Puzzles

Puzzles are fun toys that help kids with spatial development and motor development.  Some studies have shown playing with puzzles at an early age helps kids mentally transform objects (a skill needed in science and math careers) when they are older.

  1. Get calendar or magazine pictures.  It is best to use large pictures of familiar objects.  I used animals.
  2. Glue pictures onto colored card stock.  This is for durability and sort-ability (that’s a word, I swear).
  3. Draw puzzles pieces with a ruler on the card stock and cut out.  That’s it!

Note:  I’d say a two-piece puzzle is good for a one-year old, 4 pieces for a two-year-old, 6 pieces for a three-year-old, and so on.  Of course it depends on the kid and the picture.

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If you use different colors of paper for the back, it doesn’t matter if the puzzles get mixed up.  They can be easily sorted by color….which is another great activity for little ones!

make your own puzzles

My favorite part is all six puzzles fit into a ziploc bag!  Now it is super easy to store at your house, or toss in your purse for a waiting-at-a-restaurant activity.IMG_5915

Materials:

  • calendar or magazine
  • scissors
  • pencil
  • ruler (or freehand if you are really wild and crazy)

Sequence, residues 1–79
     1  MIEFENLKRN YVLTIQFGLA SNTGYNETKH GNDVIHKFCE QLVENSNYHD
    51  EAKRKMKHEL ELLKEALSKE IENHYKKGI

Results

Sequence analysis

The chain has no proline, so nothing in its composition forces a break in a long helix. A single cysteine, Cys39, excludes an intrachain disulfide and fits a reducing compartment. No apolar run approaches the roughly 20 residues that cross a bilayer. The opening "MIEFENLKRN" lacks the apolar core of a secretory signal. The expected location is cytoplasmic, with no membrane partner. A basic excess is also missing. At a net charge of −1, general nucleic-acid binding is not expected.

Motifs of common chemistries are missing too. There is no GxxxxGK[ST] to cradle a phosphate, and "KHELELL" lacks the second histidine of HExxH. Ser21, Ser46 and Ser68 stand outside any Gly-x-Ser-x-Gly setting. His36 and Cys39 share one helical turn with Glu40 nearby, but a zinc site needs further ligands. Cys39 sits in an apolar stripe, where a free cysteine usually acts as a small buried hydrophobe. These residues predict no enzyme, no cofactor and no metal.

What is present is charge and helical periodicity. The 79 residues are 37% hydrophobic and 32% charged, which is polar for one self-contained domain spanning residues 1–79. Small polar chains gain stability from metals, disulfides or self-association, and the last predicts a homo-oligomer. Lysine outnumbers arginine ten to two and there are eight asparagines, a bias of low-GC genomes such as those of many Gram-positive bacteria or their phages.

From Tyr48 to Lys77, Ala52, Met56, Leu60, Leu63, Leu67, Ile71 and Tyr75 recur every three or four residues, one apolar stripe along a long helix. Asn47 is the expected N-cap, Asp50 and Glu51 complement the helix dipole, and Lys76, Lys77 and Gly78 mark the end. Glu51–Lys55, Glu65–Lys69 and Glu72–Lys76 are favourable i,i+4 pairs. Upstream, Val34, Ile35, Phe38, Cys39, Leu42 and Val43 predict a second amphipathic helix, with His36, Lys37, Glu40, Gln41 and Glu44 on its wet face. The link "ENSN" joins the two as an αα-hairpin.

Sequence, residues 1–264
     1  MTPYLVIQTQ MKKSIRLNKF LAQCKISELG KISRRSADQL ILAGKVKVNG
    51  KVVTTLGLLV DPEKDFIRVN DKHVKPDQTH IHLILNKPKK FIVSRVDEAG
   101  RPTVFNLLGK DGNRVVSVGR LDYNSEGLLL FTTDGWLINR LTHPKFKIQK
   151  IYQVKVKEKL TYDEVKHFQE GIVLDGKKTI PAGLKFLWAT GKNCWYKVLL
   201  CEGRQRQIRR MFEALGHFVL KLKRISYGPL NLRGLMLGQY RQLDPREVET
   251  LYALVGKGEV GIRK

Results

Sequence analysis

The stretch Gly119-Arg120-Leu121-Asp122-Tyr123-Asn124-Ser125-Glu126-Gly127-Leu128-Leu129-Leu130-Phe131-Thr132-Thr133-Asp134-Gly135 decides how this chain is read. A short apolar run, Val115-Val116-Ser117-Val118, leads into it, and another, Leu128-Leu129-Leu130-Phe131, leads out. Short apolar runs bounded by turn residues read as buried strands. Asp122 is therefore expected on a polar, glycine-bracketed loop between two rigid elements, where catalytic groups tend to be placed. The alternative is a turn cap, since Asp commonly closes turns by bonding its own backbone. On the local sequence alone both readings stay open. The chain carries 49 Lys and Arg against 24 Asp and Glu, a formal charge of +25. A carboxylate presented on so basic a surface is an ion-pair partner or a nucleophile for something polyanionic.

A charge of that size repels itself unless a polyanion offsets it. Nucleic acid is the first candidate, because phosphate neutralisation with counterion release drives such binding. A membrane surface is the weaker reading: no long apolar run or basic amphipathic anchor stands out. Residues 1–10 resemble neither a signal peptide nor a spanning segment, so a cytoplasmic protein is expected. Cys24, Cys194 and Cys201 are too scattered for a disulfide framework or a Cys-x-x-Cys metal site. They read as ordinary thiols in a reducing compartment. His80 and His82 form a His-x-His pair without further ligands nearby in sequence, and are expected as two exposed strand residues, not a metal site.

• baggie

Time investment:  about 30 minutes

Difficulty:  Easier than baking cookies…and less calories, too!

Three Easy Ways to Make Your Kid Smarter

A big part of “intelligence” is really just life experience.  As parents, it is our job to give kids those learning experiences that will enrich their cognitive development and boost their self-confidence.  The earlier the better!  The brain grows rapidly in a child’s first years.  Here are three ways you can make your kids smarter.

1.  Everyday routines inside the home

Household chores don’t seem like learning opportunities.  Yet, this is where learning begins.  Babies can learn by feeling textures and shapes.  Toddlers eager to imitate parents can practice gross and fine motor skills and feel “grown-up.”  Preschoolers learn how to follow multi-step directions, sort by size or color, and develop self-worth by being a helpful part of the family.  It is always easier and faster to do a household chore by yourself, but slow down and involve the kids.  Little ones can help sweep, cook, organize toys, sort laundry, put away dishes, and the list goes on.  Never do for them what they can do for themselves.  Even cleaning up a spill is a problem solving opportunity.

2.  Exposure to new things outside of the home